So far, this is a very old story, known as well to a Sunday school ragamuffin as to Mr. Gladstone. Both believe very sincerely that these descendants of the “accursed Ham” were proud sinners whose object was like that of the Titans, to insult and dethrone Zeus-Jehovah, by reaching “heaven,” the supposed abode of both. But since we find the story told in the revealed6 Scripts, it must, like all the rest in them, have its esoteric interpretation. In this, Occult symbolism will help us. All the expressions that we have italicized, when read in the original Hebrew and according to the canons of esoteric symbolism, will yield quite a different construction. Thus:
1. “And the whole earth (mankind), was of one lip (i.e., proclaimed the same teachings) and of the same words”—not of “speech” as in the authorized version.
Now the Kabalistic meaning of the term “words” and “word” may be found in the Zohar and also in the Talmud. “Words” (Dabarim) mean “powers,” and word, in the singular, is a synonym of Wisdom; e.g., “By the uttering of ten words was the world created”—(Talmud “Pirkey Aboth” c. 5., Mish. I). Here the “words” refer to the ten Sephiroth, Builders of the Universe. Again: “By the Word, (Wisdom, Logos) of YHVH were the Heavens made” (ibid.).
2-4. “And the man7 (the chief leader) said to his neighbour, ‘Go to, let us make bricks (disciples) and burn them to a burning (initiate, fill them with sacred fire), let us build us a city (establish mysteries and teach the Doctrine8) and a tower (Ziggurrat, a sacred temple tower) whose top may reach unto heaven’” (the highest limit reachable in space). The great tower of Nebo, of Nabi on the temple of Bel, was called “the house of the seven spheres of heaven and earth,” and “the house of the stronghold (or strength, tagimut) and the foundation stone of heaven and earth.”
Occult symbology teaches, that to burn bricks for a city means to train disciples for magic, a “hewn stone” signifying a full Initiate, Petra the Greek and Kephas the Aramaic word for stone, having the same meaning, viz., “interpreter of the Mysteries,” a Hierophant. The supreme initiation was referred to as “the burning with great burning.” Thus, “the bricks are fallen, but we will build (anew) with hewn stones” of Isaiah becomes clear. For the true interpretation of the four last verses of the genetic allegory about the supposed “confusion of tongues” we may turn to the legendary version of the Yezidis and read verses 5, 6, 7, and 8 in Genesis, ch. xi, esoterically:
“And Adonai (the Lord) came down and said: ‘Behold, the people is one (the people are united in thought and deed) and they have one lip (doctrine).’ And now they begin to spread it and ‘nothing will be restrained from them (they will have full magic powers and get all they want by such power, Kriyasakti,) that they have imagined’.”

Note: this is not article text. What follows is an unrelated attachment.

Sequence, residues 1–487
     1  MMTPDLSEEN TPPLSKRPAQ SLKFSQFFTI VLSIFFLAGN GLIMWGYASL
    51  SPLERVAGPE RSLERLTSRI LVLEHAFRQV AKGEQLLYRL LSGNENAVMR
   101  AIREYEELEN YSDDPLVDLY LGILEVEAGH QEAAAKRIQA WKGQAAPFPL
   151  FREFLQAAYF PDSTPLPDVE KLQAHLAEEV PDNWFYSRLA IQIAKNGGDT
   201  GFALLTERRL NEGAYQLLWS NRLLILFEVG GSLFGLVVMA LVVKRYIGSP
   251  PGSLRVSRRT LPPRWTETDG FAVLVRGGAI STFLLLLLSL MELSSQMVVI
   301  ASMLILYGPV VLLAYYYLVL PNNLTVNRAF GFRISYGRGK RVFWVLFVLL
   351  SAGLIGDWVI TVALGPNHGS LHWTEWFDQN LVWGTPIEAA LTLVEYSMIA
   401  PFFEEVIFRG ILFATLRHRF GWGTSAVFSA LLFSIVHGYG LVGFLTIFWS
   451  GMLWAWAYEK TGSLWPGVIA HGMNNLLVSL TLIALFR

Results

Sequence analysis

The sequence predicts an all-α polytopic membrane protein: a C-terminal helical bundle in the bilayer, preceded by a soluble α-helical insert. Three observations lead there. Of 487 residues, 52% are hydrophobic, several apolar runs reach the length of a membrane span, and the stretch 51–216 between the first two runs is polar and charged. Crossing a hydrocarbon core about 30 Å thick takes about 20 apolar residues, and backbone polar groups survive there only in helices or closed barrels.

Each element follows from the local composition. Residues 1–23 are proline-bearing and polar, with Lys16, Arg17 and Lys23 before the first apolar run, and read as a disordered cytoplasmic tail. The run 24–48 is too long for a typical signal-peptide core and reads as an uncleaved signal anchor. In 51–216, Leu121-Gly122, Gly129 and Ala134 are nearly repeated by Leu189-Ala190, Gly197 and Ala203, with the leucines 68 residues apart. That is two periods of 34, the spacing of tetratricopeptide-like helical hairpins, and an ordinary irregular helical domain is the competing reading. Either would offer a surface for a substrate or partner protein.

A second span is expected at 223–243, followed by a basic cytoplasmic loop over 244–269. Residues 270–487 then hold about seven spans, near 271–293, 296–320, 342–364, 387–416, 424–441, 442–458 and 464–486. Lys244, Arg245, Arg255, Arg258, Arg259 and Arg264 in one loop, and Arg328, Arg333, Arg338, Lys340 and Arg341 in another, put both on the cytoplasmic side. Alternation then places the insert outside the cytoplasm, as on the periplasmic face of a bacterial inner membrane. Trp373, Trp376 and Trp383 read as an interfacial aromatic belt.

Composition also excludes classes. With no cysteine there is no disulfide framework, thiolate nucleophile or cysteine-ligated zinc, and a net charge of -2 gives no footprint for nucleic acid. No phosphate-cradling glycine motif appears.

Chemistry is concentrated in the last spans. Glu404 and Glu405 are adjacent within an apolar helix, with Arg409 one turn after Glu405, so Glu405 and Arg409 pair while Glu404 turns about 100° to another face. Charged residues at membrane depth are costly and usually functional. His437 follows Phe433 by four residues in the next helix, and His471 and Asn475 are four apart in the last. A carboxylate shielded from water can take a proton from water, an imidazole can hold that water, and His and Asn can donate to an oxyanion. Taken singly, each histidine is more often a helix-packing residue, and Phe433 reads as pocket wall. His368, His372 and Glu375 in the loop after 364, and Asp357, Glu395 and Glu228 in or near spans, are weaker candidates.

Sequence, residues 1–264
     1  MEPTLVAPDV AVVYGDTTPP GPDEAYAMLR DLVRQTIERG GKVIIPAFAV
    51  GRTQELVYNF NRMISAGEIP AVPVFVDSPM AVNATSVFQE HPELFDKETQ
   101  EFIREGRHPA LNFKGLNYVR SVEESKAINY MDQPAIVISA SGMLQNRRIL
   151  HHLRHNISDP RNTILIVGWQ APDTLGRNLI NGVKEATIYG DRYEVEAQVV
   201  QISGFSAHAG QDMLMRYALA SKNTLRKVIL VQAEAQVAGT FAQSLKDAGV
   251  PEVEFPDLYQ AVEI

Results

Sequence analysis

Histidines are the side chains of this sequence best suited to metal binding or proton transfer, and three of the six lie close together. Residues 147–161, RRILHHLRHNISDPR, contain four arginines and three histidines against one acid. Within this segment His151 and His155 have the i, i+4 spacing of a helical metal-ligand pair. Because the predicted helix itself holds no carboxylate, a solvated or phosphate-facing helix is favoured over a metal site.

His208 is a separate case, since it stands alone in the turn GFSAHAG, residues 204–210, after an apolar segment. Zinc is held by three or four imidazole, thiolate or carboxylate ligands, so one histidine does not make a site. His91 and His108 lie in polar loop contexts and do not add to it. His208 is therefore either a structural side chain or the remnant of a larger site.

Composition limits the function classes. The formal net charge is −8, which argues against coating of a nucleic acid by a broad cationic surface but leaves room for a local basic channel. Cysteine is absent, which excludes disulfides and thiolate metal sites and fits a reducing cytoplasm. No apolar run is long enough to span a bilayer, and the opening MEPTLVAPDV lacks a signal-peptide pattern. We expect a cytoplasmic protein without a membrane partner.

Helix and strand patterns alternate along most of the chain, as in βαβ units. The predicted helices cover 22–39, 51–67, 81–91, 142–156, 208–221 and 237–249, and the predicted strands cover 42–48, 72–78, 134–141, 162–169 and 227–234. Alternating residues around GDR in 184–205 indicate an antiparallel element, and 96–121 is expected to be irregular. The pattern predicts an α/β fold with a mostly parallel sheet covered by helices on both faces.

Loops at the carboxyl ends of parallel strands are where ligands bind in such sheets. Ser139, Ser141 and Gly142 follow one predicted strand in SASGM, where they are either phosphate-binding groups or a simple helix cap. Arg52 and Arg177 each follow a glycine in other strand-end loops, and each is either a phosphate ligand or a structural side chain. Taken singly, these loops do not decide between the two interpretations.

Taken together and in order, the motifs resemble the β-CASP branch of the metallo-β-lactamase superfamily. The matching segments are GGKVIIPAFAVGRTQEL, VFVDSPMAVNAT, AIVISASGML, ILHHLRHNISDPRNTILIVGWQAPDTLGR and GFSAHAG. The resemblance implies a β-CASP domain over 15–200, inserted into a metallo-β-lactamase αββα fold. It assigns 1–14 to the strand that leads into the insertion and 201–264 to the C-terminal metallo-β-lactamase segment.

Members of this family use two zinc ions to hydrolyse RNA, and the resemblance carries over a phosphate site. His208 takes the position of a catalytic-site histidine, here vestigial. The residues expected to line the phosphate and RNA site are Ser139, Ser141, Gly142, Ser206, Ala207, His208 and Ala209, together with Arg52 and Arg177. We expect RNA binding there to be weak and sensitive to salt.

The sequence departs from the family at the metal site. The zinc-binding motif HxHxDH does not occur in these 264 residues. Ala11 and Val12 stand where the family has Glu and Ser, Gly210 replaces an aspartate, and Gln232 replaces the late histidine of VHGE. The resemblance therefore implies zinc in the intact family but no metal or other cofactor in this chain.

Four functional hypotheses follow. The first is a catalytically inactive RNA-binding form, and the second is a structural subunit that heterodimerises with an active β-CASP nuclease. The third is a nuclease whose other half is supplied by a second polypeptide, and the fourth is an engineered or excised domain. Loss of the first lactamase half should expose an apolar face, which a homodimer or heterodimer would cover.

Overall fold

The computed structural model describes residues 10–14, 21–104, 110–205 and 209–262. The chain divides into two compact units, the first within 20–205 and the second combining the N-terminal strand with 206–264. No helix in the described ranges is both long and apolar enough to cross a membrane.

And now what are the Yezidis and their version and what is Ad-onai? Ad is “the Lord,” their ancestral god; and the Yezidis are a heretical Mussulman sect, scattered over Armenia, Syria, and especially Mosul, the very site of Babel (see “Chaldean Account of Genesis”), who are known under the strange name of “Devil-worshippers.” Their confession of faith is very original. They recognize two powers or gods—Allah and Ad, (or Ad-onai) but identify the latter with Sheitan or Satan. This is but natural since Satan is also “a son of god”9 (see Job I). As stated in the Hibbert Lectures (pp. 346 and 347), Satan the “Adversary,” was the minister and angel of God. Hence, when questioned on the cause of their curious worship of one who has become the embodiment of Evil and the dark spirit of the Earth, they explain the reason in a most logical, if irreverent, manner. They tell you that Allah, being All-good, would not harm the smallest of his creatures. Ergo, has he no need of prayers, or burnt-offerings of the “firstlings of the flock and the fat thereof.” But that their Ad, or the Devil, being All-bad, cruel, jealous, revengeful and proud, they have, in self-preservation, to propitiate him with sacrifices and burnt offerings smelling sweet in his nostrils, and to coax and flatter him. Ask any Sheik of the Yezidis of Mosul what they have to say, as to the confusion of tongues, or speech when Allah “came down to see the city and the tower which the children of men had builded”; and they will tell you it is not Allah but Ad, the god Sheitan, who did it. The jealous genius of the earth became envious of the powers and sanctity of men (as the god Vishnu becomes jealous of the great powers of the Yogis, even when they were Daityas); and therefore this deity of matter and concupiscence confused their brains, tempted and made the “Builders” fall into his nets; and thus, having lost their purity, they lost therewith their knowledge and magic powers, intermarried and became “scattered upon the face of the earth.”